U.S. aid

  • August 7, 2014  

    President Obama is reportedly considering “very limited” military action in Iraq against the Islamic State group. The Sunni extremists have renewed their surge across Northern Iraq, sending thousands of Christians and Yazidis fleeing from ultimatums to convert to Islam, pay heavy fines or face death. Hari Sreenivasan reports on the dire humanitarian situation and efforts to offer aid. Continue reading

  • May 23, 2014  

    In our news wrap Friday, Thailand’s ousted prime minister was detained and 150 political leaders were barred from leaving the country. In response, the U.S. suspended $3.5 million in military aid to Thailand. Also, Defense Secretary Chuck Hagel told CBS News it would be premature to fire Veterans Affairs Secretary Eric Shinseki over allegations of delayed care. Continue reading

  • May 8, 2014  

    The U.S. is sending a team of military, law enforcement and hostage negotiators to Nigeria to join efforts to locate the girls who were kidnapped by Islamist militants in Nigeria. Gwen Ifill talks to Linda Thomas-Greenfield, Assistant Secretary of State for African Affairs, about the tools available to track the whereabouts of the girls and what’s been going on diplomatically behind the scenes. Continue reading

  • May 7, 2014  

    A small team of U.S. specialists will head to Nigeria to help efforts in locating more than 270 girls who were kidnapped from a boarding school — a provocative attack that has drawn international outrage. To examine expectations for U.S. assistance, Jeffrey Brown talks to Jon Temin of the United States Institute of Peace and Heather Murdock of The Christian Science Monitor. Continue reading

  • April 3, 2014  

    GWEN IFILL: What would happen if the U.S. government used social media to undermine a hostile foreign government? That may be exactly what the U.S. Agency for International Development tried to do in Cuba with ZunZuneo, a Twitter-style social media … Continue reading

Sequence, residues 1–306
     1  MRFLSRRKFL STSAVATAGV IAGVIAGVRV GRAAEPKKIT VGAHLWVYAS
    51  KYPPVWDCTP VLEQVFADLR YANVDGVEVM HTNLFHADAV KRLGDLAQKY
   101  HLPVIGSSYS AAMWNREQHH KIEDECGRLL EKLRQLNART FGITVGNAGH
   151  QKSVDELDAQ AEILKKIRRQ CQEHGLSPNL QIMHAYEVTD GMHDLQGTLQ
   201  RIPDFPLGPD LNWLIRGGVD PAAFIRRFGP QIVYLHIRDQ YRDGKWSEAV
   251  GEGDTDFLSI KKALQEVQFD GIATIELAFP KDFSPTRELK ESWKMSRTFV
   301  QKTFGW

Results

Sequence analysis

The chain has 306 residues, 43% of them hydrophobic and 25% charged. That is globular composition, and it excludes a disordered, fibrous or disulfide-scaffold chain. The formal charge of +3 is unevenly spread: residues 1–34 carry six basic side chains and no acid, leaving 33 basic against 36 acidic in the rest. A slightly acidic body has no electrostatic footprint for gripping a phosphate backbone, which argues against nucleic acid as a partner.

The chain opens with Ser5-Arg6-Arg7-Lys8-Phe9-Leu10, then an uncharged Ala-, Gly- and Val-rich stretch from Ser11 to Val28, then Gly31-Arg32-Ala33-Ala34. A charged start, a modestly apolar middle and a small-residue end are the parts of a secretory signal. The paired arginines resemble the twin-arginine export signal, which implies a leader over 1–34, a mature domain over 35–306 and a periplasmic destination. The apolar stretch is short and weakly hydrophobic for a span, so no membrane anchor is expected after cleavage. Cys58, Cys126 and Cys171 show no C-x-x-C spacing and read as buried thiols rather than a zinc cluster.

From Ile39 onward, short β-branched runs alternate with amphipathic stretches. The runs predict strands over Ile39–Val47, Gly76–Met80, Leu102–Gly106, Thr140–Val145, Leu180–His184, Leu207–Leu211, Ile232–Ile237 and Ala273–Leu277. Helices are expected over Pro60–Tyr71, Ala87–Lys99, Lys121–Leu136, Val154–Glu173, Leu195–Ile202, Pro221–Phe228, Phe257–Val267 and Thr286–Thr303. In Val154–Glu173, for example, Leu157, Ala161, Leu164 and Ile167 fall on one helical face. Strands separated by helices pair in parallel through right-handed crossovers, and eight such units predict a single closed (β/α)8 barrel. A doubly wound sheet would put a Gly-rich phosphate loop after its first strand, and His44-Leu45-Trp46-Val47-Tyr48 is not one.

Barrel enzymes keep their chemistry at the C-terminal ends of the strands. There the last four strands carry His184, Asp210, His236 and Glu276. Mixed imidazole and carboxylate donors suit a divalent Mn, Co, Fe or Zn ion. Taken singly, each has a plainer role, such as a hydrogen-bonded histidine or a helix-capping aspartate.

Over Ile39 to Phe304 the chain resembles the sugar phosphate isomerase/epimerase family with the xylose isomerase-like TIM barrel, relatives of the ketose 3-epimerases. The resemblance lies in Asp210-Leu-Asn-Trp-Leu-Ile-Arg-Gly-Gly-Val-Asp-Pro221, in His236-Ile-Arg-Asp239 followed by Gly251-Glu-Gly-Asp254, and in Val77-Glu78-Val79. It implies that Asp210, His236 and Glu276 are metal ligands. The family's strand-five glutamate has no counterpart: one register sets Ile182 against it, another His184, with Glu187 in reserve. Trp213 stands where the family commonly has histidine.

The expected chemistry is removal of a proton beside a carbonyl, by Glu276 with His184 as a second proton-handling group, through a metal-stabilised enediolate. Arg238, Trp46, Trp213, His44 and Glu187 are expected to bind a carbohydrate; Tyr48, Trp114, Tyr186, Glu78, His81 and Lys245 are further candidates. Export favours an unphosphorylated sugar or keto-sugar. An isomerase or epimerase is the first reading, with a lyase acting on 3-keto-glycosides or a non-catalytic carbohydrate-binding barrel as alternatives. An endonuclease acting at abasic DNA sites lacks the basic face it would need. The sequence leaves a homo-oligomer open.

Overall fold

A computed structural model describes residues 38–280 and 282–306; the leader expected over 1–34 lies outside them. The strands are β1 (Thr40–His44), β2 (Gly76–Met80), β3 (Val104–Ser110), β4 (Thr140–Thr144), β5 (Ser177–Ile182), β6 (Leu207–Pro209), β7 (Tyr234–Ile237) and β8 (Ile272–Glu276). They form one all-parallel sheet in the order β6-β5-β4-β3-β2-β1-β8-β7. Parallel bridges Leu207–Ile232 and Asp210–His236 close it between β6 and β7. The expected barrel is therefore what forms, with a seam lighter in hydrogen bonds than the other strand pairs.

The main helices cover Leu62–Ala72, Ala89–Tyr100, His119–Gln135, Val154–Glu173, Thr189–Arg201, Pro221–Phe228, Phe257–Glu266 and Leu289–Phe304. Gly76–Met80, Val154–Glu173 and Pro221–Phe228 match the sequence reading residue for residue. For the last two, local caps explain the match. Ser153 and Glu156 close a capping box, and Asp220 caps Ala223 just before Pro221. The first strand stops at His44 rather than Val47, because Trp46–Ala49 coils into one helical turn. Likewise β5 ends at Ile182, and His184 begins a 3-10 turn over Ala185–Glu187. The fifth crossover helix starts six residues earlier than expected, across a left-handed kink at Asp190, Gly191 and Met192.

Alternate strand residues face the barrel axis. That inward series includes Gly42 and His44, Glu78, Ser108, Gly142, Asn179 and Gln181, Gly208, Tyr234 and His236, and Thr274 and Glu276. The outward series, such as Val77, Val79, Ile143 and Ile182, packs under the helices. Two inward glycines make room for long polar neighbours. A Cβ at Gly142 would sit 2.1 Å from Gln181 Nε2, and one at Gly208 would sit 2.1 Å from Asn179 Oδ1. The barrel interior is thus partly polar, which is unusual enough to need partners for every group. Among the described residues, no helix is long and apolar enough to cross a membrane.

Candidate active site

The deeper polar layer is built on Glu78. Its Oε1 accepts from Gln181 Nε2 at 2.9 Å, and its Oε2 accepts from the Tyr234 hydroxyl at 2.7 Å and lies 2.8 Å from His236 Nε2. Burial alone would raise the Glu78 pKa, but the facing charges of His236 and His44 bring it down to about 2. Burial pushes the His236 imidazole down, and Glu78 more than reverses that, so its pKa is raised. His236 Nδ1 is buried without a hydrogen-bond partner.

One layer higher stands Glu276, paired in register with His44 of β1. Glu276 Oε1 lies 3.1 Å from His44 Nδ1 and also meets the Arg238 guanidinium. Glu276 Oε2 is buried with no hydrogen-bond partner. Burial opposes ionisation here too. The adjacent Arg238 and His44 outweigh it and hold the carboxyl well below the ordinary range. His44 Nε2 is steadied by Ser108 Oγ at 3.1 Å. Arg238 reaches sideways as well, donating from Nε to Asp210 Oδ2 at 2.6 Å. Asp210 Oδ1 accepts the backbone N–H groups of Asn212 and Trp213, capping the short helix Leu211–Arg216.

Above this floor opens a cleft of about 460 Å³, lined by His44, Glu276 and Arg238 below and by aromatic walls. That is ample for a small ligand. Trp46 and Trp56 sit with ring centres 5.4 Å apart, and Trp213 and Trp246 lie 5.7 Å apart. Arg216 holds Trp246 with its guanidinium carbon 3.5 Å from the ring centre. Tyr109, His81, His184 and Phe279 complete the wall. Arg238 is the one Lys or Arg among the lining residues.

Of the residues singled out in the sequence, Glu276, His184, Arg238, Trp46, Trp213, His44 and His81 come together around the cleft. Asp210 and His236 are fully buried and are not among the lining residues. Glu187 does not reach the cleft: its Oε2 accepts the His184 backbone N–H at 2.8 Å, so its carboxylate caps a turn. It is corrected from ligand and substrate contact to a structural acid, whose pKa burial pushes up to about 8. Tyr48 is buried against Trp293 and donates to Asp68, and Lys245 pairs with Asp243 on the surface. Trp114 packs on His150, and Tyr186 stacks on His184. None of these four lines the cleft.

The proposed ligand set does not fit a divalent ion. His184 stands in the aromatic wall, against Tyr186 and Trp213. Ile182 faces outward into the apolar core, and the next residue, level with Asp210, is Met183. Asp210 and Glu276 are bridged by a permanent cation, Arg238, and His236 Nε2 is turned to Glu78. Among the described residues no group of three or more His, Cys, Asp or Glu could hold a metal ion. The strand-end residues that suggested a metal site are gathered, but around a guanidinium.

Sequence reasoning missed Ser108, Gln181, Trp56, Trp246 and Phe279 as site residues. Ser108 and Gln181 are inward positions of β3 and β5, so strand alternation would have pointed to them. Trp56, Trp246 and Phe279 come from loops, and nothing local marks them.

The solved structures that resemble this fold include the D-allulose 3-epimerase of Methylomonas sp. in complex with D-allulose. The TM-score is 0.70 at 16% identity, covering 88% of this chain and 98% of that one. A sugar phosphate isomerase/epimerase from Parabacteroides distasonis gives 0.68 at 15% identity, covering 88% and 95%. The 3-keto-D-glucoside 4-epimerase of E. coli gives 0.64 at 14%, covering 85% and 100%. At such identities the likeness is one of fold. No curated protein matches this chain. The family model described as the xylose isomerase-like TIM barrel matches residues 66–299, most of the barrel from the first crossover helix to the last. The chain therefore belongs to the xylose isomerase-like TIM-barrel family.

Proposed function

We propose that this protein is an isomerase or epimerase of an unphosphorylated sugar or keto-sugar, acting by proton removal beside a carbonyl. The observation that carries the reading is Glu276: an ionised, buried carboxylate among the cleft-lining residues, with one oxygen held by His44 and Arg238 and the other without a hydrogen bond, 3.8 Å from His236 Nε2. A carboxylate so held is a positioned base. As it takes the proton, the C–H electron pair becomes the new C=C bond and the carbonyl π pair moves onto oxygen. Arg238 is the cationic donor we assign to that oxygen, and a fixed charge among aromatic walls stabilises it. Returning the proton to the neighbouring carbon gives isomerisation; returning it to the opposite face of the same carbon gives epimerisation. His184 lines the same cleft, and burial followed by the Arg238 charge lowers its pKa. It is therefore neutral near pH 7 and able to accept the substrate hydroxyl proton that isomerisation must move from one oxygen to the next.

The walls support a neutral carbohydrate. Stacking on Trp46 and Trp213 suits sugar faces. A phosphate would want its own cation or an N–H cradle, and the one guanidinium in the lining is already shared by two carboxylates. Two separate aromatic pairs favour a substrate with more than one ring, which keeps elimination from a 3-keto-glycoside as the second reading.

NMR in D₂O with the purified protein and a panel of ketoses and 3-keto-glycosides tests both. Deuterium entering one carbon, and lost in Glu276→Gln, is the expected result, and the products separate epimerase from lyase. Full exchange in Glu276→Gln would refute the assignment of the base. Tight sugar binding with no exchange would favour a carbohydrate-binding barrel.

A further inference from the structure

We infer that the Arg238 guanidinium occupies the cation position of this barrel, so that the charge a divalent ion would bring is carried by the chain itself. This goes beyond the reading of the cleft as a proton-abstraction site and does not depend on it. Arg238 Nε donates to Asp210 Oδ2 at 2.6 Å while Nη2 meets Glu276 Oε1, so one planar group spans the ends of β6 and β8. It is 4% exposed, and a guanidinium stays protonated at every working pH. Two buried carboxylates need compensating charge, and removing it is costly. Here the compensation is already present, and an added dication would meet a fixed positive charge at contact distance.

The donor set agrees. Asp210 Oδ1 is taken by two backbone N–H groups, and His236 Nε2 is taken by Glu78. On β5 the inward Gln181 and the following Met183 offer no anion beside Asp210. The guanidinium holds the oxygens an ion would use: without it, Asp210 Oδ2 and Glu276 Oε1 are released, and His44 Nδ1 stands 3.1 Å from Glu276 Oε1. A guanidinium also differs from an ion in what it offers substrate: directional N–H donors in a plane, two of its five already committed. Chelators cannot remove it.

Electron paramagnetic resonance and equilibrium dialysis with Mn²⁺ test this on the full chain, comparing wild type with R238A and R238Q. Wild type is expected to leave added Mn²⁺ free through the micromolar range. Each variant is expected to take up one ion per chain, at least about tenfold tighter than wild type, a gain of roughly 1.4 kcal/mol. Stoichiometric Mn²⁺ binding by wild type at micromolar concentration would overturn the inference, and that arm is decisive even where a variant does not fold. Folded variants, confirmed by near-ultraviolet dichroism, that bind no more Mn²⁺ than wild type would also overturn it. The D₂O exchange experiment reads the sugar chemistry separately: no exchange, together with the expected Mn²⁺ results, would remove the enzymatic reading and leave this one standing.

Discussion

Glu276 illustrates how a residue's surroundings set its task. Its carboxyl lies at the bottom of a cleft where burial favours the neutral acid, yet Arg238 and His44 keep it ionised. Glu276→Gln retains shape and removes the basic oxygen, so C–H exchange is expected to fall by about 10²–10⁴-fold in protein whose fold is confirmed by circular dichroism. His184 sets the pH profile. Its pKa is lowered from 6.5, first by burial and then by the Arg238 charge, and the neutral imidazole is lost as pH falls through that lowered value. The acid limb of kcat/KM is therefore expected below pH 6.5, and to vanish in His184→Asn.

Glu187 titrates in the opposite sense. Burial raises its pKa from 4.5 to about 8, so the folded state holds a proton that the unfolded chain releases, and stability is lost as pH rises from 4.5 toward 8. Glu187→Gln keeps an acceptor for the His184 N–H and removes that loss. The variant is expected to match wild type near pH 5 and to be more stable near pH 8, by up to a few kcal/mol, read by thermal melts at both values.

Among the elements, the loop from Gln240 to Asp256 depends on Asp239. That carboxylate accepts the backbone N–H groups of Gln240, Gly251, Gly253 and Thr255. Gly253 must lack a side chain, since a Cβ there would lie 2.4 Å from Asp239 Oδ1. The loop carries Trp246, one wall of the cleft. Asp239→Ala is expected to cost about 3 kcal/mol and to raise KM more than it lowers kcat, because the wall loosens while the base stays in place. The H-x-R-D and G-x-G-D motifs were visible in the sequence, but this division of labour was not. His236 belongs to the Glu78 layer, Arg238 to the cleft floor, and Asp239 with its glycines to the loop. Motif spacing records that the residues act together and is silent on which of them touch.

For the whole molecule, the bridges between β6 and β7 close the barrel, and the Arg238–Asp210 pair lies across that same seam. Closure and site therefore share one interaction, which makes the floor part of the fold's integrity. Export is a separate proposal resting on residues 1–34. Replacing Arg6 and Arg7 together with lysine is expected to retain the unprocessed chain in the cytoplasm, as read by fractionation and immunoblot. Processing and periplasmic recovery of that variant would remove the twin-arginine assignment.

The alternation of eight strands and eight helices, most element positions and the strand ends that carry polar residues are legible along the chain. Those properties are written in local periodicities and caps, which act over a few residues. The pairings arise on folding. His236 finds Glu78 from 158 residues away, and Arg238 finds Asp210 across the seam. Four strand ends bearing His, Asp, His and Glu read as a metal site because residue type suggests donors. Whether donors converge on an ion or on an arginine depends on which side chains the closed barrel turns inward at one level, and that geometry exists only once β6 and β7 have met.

• September 14, 2012  

    In other news Friday, presidential candidate Mitt Romney drew a hard line when he said Egyptian leadership should protect foreign diplomats or risk losing out on $1.3 billion in U.S. aid. Also, Chicago teachers unions and district officials are close to a “framework” for a deal that would end the week-long strike. Continue reading

  • June 13, 2011  

    After Osama bin Laden’s death, NPR’s Steve Inskeep returned to Pakistan, a country he’s been covering for nearly a decade. He found that many there are losing confidence in the future and wondering if the country can be truly independent when it gets billions in U.S. aid. Margaret Warner speaks with the Morning Edition co-host. Continue reading

  • November 5, 2007   BY  

    Against the United States’ wishes, Pakistani President Gen. Pervez Musharraf imposed emergency rule over the weekend and arrested more than 1,000 people, including lawyers who were protesting the government’s action. Continue reading